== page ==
ROGER BENNETT: It was one of the first times I met Americans, actually, in 1992. I spent time with American kids. One of them gave me a copy of Soccer America, I think it had Marcelo Balboa on the cover. Didn't everybody look like Marcelo Balboa back then? I was genuinely blown away by it. I adored it. It was so different to the coverage I engaged with, but there was a joy, there was a wonder, and just a deep, deep dedication to the detail. And as a gentleman who loved America — I knew already I was headed there.
It was actually such a relief to flip through the pages. My one worry about America was that the sport I loved was not going to be found there. As I flipped through the pages of Soccer America for the first time it was like seeing the shape and the form of the American soccer loving fanbase.
SA: We’re celebrating our 50th year anniversary — the first Soccer America edition came out in 1971. Did you became a subscriber to SA when you came over here?
ROGER BENNETT: Yeah. To be honest, when I came over, and it was my illegal immigrant days, I spent my days reading Soccer America standing up inside Borders bookstore. I was not quite at the magazine subscription level of liquidity.
SA: You became a big fan of the U.S. national team and American soccer. Do you see yourself among the minority of British expats who support the USA, or do you think it’s common?
ROGER BENNETT: I can't really speak for them. I can tell you two things. The Liverpool of my book is a fairly dark place; we'd been scapegoated by Margaret Thatcher as industry shut down across the North. Unemployment was super high, there was a massive heroin epidemic. Football and music was about all we had.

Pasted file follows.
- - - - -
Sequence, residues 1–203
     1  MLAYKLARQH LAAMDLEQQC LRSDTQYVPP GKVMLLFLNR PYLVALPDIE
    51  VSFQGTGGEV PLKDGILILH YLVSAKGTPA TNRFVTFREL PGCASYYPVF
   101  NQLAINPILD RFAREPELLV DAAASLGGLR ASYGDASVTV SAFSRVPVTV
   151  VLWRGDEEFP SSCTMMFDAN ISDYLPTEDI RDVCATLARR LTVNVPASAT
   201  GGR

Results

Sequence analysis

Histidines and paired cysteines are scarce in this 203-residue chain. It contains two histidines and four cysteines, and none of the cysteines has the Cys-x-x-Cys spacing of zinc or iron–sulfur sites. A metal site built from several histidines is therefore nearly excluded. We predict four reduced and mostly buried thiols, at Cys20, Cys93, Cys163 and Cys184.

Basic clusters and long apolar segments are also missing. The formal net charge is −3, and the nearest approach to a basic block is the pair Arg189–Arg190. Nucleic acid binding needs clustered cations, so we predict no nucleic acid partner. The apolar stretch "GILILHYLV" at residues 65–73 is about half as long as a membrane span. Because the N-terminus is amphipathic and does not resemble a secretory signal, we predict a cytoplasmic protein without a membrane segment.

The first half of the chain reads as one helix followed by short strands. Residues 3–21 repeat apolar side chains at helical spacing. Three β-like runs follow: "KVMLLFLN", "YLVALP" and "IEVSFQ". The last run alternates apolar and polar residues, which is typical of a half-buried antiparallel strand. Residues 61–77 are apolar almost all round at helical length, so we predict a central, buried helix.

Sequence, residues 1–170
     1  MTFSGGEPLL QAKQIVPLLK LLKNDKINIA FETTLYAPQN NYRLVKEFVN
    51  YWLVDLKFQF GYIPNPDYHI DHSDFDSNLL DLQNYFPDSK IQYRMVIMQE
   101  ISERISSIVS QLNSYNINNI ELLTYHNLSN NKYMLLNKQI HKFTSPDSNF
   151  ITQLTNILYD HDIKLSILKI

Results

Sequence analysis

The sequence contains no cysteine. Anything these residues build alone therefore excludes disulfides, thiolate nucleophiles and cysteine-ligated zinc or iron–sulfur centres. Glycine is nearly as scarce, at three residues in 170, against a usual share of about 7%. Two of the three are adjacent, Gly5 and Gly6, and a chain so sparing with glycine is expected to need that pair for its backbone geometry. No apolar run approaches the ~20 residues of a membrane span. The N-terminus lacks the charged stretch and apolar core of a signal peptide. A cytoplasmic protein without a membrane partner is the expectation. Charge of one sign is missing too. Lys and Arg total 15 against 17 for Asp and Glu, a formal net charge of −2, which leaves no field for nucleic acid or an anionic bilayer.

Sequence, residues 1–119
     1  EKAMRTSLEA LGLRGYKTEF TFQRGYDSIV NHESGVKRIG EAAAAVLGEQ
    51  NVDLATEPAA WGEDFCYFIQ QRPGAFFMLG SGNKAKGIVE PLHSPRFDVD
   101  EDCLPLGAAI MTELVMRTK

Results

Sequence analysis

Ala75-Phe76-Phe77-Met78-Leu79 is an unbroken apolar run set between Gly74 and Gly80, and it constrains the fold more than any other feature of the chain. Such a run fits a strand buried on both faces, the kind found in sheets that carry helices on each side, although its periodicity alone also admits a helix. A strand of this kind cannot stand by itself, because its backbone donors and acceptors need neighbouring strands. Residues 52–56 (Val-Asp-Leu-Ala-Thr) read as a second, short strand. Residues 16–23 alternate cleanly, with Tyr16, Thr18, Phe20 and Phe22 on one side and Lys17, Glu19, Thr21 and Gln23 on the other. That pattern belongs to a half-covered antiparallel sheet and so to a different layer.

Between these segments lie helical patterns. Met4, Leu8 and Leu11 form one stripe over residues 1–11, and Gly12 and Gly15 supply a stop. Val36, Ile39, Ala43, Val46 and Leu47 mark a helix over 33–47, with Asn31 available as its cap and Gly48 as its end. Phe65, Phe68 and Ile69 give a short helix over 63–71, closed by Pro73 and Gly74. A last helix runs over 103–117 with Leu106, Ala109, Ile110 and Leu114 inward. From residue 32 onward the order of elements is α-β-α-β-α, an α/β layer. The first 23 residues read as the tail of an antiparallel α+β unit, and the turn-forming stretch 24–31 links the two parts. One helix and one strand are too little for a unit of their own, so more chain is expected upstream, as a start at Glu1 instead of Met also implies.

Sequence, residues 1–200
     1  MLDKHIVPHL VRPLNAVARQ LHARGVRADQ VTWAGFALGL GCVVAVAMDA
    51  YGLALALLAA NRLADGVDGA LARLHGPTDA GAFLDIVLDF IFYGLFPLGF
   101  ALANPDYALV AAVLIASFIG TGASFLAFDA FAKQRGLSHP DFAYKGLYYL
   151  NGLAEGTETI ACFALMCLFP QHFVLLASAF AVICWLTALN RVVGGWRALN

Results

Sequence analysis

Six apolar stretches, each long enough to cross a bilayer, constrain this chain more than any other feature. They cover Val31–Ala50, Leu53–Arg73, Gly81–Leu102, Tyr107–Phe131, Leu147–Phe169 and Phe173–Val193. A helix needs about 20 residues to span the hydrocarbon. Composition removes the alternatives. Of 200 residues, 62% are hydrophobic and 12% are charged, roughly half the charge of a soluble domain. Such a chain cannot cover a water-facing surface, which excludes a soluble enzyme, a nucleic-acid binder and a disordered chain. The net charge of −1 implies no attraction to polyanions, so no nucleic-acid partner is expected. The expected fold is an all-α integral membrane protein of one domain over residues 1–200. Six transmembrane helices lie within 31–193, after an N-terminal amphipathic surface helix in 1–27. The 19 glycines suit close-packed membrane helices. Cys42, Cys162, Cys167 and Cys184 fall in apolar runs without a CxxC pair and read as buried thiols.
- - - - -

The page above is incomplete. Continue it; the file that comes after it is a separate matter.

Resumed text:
So Liverpool people have a complicated relationship with England. It always felt like it was the London teams that were more English. And so my relationship with England was slightly weakened. In 1982, I listened to the World Cup song, ("This Time We'll Get It Right"), everyday for probably two months.
And then they shat the bed and were terrible. That was the last time I was fully wanting England. I wasn't gonna Sisyphus this.
When I arrived in America and I saw the 1994 team take to that field, wash-denim of shirt, mullet of hair, the face of American soccer was ginger. I thought, this is amazing! And I fell in love with them at first sight.
SA: Do you encounter a lot of Eurosnobs? What’s your take on them?
ROGER BENNETT: When I was getting on the internet in the early 90s, I'd go on the chat rooms and I always just completely cringe when you put in your name and your city. In an Everton chat room you'd get a Chad from LA. And then somebody would go like, how many home games do you go to Chad? And Chad would go, well, I'm in LA, so ...
Then the "real" fans would say, "well shut up then, you're plastic." The idea is that if you don't travel to away games, you should shut up and not even have an opinion. The notion of plastic fandom has evaporated. The notion of Eurosnobs that was prevalent 10 years ago, I just don't see anymore. There's something really beautiful about the American football fanbase and it is a fanbase, as Soccer America is a testament to — it's been here for decades — I've always been blown away by the depth of knowledge, the passion, joy and positivity and optimism.